An Abnormal Return to Normal

Weekly Market Update | October 25, 2021


Global equities (as measured by the MSCI AC World index) gained 1.3% last week – just 0.8% shy of their all-time high. In the U.S., the S&P 500 rose 1.6% while the NASDAQ climbed by 1.3%. Non-U.S. markets posted modest gains as well with European stocks adding 0.9% and Emerging Market stocks rising 0.7%. Bond yields rose, driven by higher inflation expectations. The 10-year U.S. Treasury yield traded above 1.7% mid-week but closed the week at 1.64%.

Investors remain concerned about ongoing supply chain issues, elevated inflation, and slowing growth. However, each of these issues are at least partially a result of elevated demand amid constrained supply. While U.S. real gross domestic product (GDP) for 3Q 2021 is likely to reflect these issues – potentially falling to an annualized rate that is sub-3.0% – these issues also reflect an economy that is starting to normalize.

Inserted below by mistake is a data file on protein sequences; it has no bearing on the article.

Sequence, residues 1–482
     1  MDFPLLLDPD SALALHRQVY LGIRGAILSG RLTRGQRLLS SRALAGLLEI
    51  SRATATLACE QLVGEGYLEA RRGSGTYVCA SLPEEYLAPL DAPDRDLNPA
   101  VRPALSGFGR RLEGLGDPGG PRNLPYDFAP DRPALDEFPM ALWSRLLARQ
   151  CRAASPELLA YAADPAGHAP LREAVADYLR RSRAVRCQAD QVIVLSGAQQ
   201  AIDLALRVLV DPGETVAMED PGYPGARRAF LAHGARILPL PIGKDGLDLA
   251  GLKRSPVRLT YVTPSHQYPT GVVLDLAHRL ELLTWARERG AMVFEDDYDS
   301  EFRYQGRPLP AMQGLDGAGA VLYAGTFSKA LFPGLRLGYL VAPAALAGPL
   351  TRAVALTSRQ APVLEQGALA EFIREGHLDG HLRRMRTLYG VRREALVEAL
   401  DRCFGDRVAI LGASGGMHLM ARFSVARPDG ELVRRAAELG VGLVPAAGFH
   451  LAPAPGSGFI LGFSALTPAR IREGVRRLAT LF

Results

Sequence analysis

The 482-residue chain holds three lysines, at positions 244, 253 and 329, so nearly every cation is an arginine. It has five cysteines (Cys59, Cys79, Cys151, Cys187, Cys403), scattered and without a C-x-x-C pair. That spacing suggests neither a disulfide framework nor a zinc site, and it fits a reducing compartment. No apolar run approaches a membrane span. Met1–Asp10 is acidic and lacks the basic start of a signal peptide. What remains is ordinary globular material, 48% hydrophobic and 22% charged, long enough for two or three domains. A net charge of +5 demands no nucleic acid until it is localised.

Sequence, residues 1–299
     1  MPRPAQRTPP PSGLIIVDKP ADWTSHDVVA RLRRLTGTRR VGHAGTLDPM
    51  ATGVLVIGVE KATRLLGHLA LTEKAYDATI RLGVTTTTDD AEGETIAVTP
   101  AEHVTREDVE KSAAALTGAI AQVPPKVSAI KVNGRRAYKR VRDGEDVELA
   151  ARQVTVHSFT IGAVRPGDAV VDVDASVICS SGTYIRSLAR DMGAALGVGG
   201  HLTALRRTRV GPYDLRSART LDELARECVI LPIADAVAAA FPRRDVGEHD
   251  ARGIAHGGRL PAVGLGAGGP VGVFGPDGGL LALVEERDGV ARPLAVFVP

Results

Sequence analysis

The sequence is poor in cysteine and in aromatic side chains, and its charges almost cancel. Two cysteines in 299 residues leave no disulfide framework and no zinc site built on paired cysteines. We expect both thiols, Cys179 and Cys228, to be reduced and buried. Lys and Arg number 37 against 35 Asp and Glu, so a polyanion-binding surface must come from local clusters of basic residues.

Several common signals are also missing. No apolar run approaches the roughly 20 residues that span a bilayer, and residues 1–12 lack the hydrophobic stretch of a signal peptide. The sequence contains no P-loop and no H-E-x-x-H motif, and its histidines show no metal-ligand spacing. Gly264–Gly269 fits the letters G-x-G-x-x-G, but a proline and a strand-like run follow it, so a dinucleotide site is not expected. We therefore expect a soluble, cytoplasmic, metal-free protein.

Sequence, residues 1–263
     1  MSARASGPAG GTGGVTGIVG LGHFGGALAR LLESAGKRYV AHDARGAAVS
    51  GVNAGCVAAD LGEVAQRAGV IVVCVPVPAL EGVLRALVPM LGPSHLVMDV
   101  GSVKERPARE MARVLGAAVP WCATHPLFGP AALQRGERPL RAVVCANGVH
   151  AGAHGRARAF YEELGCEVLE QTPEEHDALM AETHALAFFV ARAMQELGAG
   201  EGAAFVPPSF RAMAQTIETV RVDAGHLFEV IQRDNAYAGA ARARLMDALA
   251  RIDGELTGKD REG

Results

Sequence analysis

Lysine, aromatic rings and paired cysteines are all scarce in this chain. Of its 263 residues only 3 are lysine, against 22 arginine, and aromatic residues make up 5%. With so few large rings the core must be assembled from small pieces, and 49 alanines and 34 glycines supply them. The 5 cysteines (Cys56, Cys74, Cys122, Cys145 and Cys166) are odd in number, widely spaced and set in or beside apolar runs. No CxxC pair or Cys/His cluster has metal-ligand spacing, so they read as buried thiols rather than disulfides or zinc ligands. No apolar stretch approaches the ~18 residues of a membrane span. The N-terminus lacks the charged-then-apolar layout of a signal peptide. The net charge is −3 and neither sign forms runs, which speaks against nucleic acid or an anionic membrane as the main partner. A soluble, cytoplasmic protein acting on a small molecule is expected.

As the economy normalizes, so should Federal Reserve monetary policy. With inflation likely to be more persistent due to more-persistent supply bottlenecks, the Fed will likely want to embark upon the tapering of its bond purchases so it is not faced with a scenario where policymakers want to hike rates, but are still fueling monetary stimulus with bond purchases. The market is now expecting two rate hikes in 2022 and three in 2023. Citi Research’s base case remains one rate hike near the end of 2022.